BACKGROUND Human serum albumin (HSA) is the most abundant protein in human blood plasma. It is synthesized in the liver as preproalbumin, and an N-terminal peptide is removed before the nascent protein is released from the rough endoplasmic reticulum. The product, proalbumin, is cleaved in the Golgi vesicles to produce the secreted albumin.1
Albumin is essential in maintaining the osmotic pressure for proper distribution of body fluids between intravascular compartments and body tissues. When ionized in water at physiological pH 7.4, Albumin is negatively charged. Albumin contains eleven distinct binding domains for hydrophobic compounds. One hemin and six long-chain fatty acids can bind to albumin at the same time. Albumin also acts as a plasma carrier by non-specifically binding several hydrophobic steroid hormones.2 The general structure of albumin is characterized by several long beta sheets, which allows it to maintain a relatively static shape, which is essential for regulating blood pressure.
Albumin, along with α1-acid glycoprotein (AGP), are plasma proteins that can act as drug carriers with drug pharmacokinetic implications. Albumin has an important clinical impact for drugs that have a relatively narrow therapeutic index.3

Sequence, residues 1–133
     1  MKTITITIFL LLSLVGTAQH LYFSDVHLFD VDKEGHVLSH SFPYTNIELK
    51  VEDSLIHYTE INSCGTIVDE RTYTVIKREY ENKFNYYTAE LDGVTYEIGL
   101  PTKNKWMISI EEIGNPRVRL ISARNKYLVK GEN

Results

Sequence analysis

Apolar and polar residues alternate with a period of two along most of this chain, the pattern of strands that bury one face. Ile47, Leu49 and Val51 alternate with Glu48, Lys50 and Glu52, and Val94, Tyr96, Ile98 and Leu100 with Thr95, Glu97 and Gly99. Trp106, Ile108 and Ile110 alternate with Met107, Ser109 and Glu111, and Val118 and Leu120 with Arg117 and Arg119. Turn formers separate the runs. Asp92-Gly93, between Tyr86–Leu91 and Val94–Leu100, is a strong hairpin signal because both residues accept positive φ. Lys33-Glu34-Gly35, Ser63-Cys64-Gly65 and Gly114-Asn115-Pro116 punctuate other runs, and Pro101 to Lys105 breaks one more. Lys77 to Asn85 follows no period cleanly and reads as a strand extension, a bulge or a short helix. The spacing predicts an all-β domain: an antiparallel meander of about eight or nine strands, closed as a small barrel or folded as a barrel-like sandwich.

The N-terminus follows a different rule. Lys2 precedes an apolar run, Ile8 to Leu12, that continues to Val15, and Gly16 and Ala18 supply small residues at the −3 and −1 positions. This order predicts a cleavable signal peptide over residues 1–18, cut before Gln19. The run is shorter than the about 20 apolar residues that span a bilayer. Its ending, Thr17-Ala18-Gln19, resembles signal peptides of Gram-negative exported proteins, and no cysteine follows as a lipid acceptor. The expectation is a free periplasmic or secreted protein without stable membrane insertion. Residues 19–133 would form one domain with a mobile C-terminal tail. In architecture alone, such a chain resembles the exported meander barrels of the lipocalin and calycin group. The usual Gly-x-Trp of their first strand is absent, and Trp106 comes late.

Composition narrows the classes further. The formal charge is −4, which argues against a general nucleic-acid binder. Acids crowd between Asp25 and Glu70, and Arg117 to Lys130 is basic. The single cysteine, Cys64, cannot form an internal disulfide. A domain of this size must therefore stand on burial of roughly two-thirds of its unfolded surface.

1. Emerson TE: Critical Care Med. 17:690-694, 1989.
2. Zunszain PA et al.: BMC Struct Biol. 3:6, 2003.
3. Fehske KJet al.: Mol. Pharmacol. 21: 387-393, 1982.
Products are for research use only. They are not intended for human, animal, or diagnostic applications.
Purified Human Serum Albumin protein.
Species & predicted
reactivity ( ):
Human, Rat, Mouse, Cow
Weight of protein:
Detects endogenous levels of albumin protein in various cell lysates.
Store at 4° C for frequent use; at -20° C for at least one year.
*Optimal working dilutions must be determined by end user.